The incidence of many malnutrition-related diseases among the populations of developing countries is closely related to low dietary zinc (Zn) intakes. A new study evaluated the potential of agronomic biofortification of lettuce genotypes with Zn in different soils.
Researchers evaluated the ability to biofortify three lettuce genotypes (‘Grand Rapids’, ‘Regina de Verão’, and ‘Delícia’) in two soils (Red-Yellow Latosol and Dystroferric Red Latosol) using five doses of Zn (0, 5, 10, 20, and 30 mg kg−1). At 55 days after sowing, the plants were harvested.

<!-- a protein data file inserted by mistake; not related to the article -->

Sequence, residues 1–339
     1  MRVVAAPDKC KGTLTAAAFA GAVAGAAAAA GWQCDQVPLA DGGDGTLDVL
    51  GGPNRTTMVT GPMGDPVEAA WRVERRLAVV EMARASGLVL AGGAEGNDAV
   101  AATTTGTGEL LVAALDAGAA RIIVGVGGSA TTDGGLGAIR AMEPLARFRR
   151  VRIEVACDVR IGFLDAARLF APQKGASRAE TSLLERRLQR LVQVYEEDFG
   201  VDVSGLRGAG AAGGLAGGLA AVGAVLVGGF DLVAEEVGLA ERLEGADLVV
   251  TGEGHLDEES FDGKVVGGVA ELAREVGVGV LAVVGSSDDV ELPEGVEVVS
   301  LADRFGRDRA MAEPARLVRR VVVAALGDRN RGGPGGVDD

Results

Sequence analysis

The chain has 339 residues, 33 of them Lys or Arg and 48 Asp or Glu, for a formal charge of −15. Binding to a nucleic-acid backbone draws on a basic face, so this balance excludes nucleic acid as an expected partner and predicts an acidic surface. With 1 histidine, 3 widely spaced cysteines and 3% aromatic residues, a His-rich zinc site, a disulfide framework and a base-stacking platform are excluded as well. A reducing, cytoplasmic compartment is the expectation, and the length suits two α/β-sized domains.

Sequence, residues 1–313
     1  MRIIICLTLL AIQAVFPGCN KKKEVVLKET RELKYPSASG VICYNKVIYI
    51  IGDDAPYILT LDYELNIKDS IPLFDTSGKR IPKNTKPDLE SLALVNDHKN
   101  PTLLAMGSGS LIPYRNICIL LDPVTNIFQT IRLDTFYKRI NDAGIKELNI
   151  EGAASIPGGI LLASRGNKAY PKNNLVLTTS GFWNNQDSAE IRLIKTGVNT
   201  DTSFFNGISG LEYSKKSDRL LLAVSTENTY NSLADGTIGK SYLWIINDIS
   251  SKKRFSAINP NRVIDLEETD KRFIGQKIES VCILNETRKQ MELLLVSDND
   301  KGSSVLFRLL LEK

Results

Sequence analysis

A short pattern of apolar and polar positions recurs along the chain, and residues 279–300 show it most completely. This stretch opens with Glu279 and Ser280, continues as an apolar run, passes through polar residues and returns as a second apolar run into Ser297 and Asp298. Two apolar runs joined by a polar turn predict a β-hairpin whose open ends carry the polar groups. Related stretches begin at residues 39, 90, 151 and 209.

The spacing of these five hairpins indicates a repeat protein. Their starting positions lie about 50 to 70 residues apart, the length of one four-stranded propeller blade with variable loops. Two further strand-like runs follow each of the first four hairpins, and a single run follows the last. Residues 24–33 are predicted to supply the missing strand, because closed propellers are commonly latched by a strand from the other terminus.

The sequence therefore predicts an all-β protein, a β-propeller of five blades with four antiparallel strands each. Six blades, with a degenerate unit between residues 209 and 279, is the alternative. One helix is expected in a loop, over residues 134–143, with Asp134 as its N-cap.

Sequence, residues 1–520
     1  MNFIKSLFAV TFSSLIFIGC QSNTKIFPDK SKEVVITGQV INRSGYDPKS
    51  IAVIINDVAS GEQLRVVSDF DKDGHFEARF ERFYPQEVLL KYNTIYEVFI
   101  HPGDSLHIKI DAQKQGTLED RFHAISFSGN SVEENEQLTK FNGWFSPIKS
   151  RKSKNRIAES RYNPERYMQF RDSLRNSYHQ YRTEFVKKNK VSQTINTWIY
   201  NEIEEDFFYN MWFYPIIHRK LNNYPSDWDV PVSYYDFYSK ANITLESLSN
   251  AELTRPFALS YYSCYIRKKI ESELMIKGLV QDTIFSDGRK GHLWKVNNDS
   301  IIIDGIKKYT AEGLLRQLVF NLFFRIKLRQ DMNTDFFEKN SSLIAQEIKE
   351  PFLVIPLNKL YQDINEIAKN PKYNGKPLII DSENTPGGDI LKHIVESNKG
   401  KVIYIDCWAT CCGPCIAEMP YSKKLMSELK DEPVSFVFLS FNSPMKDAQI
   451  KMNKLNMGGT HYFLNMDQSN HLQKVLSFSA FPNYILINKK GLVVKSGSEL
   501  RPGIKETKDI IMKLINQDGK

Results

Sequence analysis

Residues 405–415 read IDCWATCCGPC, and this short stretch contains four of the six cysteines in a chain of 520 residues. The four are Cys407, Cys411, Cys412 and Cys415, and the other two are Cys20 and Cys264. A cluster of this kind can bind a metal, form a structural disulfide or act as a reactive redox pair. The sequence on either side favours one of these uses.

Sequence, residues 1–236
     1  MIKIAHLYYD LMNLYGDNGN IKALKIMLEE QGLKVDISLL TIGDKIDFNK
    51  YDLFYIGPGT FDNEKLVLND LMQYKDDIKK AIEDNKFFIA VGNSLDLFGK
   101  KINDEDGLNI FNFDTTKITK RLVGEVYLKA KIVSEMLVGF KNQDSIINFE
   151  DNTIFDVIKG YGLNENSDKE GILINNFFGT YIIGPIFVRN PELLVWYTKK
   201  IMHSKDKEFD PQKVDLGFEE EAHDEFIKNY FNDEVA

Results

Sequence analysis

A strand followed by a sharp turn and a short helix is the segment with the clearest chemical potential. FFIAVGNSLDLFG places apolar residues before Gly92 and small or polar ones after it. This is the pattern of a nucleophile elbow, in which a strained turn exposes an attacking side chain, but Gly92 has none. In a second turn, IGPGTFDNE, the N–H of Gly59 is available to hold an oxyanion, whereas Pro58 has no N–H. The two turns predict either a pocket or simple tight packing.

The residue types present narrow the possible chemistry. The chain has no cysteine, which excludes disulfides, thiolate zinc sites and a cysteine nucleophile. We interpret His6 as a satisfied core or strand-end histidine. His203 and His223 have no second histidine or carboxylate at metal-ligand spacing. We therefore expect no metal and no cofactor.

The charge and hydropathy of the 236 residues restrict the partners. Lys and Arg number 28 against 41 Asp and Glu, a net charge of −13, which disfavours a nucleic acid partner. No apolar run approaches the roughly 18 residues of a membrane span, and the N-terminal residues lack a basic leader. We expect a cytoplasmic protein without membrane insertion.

There was an interaction among the soils, genotypes, and Zn doses. Regardless of the soil and genotype, the increase in Zn supply promoted a linear increase in shoot Zn concentration. However, shoot and root dry matter yields were differentially affected by Zn supply according to the genotype and soil type.
Overall, the Red-Yellow Latosol provided a higher shoot Zn concentration but also caused greater growth damage, especially in ‘Regina de Verão’ and ‘Delícia’. ‘Grand Rapids’ was biofortified the most in Red-Yellow Latosol.